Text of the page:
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  37.  7
    Entanglement as the world-making relation: distance from entanglement.Rasmus Jaksland - 2020 - Synthese 198 (10):1-33.
    Distance, it is often argued, is the only coherent and empirically adequate world-making relation that can glue together the elements of the world. This paper offers entanglement as an alternative world-making relation. Entanglement is interesting since it is consistent even with quantum gravity theories that do not feature space at the fundamental level. The paper thereby defends the metaphysical salience of such non-spatial theories. An account of distance is the predominant problem of empirical adequacy facing entanglement as a world-making relation. (...)
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  38.  11
    Norms of Testimony in Broad Interdisciplinarity: The Case of Quantum Mechanics in Critical Theory.Rasmus Jaksland - 2021 - Journal for General Philosophy of Science / Zeitschrift für Allgemeine Wissenschaftstheorie 52 (1):35-61.
    While much interdisciplinarity brings together proximate fields, broad interdisciplinarity sees integration between disciplines that are perceived to be non-neighboring. This paper argues that the heterogeneity among disciplines in broad interdisciplinarity calls for stricter epistemic norms of testimony for experts that act as translators between the disciplines than those suggested for intra-scientific testimony. The paper is structured around two case studies: the affective turn in social theorizing and the use of quantum mechanics in critical theory as exemplified by Vicky Kirby’s use (...)
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  39. Mapping Kinds in GIS and Cartography.Rasmus Grønfeldt Winther - forthcoming - In Catherine Kendig (ed.), Natural Kinds and Classification in Scientific Practice. Routledge. pp. 197-216.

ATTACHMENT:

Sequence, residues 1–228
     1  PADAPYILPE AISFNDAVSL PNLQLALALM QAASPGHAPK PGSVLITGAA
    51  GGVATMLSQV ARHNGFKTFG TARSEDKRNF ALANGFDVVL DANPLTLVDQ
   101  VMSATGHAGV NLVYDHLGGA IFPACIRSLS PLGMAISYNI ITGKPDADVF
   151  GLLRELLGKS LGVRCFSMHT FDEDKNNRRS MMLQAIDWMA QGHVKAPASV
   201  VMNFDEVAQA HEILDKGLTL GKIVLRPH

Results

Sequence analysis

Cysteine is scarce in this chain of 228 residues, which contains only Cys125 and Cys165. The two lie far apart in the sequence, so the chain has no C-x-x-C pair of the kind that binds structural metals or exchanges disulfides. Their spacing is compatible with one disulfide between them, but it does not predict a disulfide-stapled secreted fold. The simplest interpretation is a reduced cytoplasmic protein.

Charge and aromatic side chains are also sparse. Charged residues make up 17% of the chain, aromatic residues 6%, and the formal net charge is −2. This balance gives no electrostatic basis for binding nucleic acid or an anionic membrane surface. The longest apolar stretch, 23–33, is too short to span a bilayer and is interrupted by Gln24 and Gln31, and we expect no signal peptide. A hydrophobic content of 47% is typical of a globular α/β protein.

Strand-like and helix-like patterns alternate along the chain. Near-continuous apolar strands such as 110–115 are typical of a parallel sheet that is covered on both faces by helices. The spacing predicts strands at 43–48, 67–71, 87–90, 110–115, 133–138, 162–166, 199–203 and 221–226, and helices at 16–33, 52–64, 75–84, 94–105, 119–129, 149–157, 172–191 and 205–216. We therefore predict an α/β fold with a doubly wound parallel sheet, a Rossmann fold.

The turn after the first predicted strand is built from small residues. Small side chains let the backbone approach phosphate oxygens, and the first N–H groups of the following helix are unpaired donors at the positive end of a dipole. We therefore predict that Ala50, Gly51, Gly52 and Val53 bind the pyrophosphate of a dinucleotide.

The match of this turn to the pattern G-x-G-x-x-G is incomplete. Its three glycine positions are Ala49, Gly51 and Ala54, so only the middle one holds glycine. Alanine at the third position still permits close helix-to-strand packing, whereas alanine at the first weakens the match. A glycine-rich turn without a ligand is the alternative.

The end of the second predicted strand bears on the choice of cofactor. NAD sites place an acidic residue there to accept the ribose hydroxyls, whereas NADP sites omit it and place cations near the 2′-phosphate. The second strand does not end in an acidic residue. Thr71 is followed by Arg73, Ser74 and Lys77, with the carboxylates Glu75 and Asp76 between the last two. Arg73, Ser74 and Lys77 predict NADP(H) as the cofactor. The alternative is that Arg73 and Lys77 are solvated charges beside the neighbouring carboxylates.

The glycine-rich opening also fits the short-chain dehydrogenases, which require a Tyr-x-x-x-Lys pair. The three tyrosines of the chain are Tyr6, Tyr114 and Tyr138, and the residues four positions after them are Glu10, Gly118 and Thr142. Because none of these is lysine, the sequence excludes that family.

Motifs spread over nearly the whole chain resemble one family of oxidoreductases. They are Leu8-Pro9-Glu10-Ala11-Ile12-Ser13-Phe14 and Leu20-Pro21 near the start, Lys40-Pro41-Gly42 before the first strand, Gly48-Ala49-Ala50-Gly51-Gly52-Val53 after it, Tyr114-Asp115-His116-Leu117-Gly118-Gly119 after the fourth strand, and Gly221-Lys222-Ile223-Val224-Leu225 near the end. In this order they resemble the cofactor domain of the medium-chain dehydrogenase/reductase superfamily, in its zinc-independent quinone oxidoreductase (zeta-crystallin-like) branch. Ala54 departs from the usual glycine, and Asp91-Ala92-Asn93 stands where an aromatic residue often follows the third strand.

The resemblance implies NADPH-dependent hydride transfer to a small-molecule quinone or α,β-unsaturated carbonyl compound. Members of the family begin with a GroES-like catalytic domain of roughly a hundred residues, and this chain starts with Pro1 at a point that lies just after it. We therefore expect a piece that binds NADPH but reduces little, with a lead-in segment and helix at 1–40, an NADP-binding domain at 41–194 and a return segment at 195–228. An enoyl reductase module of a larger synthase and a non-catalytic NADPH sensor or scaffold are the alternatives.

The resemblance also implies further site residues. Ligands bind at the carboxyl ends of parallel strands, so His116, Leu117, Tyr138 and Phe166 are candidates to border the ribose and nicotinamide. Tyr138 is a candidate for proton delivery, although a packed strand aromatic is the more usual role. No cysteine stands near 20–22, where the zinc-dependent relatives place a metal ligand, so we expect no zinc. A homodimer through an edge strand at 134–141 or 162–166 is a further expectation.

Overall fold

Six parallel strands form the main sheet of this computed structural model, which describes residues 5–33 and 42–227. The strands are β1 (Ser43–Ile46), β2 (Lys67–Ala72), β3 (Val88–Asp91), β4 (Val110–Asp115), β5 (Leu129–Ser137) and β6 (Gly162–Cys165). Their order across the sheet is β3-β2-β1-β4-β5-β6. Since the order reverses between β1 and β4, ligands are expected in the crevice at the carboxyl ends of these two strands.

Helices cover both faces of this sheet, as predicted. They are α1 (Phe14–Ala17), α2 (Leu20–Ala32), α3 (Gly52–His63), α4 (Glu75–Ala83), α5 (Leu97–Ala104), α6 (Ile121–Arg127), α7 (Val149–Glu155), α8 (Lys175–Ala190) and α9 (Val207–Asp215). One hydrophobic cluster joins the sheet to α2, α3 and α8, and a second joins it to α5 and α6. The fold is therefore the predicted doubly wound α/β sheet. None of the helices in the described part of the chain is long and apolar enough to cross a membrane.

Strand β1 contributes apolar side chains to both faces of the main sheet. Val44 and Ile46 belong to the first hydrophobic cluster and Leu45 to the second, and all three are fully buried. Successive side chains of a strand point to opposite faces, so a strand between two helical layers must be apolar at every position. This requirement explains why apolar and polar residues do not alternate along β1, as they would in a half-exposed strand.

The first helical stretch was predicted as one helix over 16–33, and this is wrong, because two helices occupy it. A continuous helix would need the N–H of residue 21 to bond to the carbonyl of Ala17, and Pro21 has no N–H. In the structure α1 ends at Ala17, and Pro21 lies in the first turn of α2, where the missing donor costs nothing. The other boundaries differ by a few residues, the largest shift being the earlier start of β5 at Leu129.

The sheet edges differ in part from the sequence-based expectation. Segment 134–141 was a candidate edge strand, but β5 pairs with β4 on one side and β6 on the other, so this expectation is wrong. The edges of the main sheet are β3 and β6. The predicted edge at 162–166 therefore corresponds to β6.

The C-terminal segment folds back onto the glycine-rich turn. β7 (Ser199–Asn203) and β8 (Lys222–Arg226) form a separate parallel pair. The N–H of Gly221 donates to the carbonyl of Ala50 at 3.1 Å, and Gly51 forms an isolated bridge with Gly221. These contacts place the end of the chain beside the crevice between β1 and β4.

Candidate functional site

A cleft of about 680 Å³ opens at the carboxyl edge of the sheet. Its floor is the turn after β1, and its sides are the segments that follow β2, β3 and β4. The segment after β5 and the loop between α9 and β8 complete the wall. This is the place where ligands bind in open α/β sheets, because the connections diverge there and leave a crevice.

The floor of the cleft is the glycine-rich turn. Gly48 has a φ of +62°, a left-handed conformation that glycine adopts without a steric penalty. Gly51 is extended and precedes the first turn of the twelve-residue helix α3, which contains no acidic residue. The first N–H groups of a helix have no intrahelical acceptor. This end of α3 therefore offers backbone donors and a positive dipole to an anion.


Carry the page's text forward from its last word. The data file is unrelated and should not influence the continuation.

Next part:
Geographic Information Science (GIS) is an interdisciplinary science aiming to detect and visually represent patterns in spatial data. GIS is used by businesses to determine where to open new stores and by conservation biologists to identify field study locations with relatively little anthropogenic influence. Products of GIS include topographic and thematic maps of the Earth’s surface, climate maps, and spatially referenced demographic graphs and charts. In addition to its social, political, and economic importance, GIS is of intrinsic philosophical interest due (...)
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  40. Fisherian and Wrightian Perspectives in Evolutionary Genetics and Model-Mediated Imposition of Theoretical Assumptions.Rasmus Grønfeldt Winther - 2006 - Journal of Theoretical Biology 240:218-232.
    I investigate how theoretical assumptions, pertinent to different perspectives and operative during the modeling process, are central in determining how nature is actually taken to be. I explore two different models by Michael Turelli and Steve Frank of the evolution of parasite-mediated cytoplasmic incompatility, guided, respectively, by Fisherian and Wrightian perspectives. Since the two models can be shown to be commensurable both with respect to mathematics and data, I argue that the differences between them in the (1) mathematical presentation of (...)
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  41. On the Dangers of Making Scientific Models Ontologically Independent: Taking Richard Levins' Warnings Seriously.Rasmus Grønfeldt Winther - 2006 - Biology and Philosophy 21 (5):703-724.
    Levins and Lewontin have contributed significantly to our philosophical understanding of the structures, processes, and purposes of biological mathematical theorizing and modeling. Here I explore their separate and joint pleas to avoid making abstract and ideal scientific models ontologically independent by confusing or conflating our scientific models and the world. I differentiate two views of theorizing and modeling, orthodox and dialectical, in order to examine Levins and Lewontin’s, among others, advocacy of the latter view. I compare the positions of these (...)
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  42.  97
    Introduction: Intersubjectivity and Empathy.Rasmus Thybo Jensen & Dermot Moran - 2012 - Phenomenology and the Cognitive Sciences 11 (2):125-133.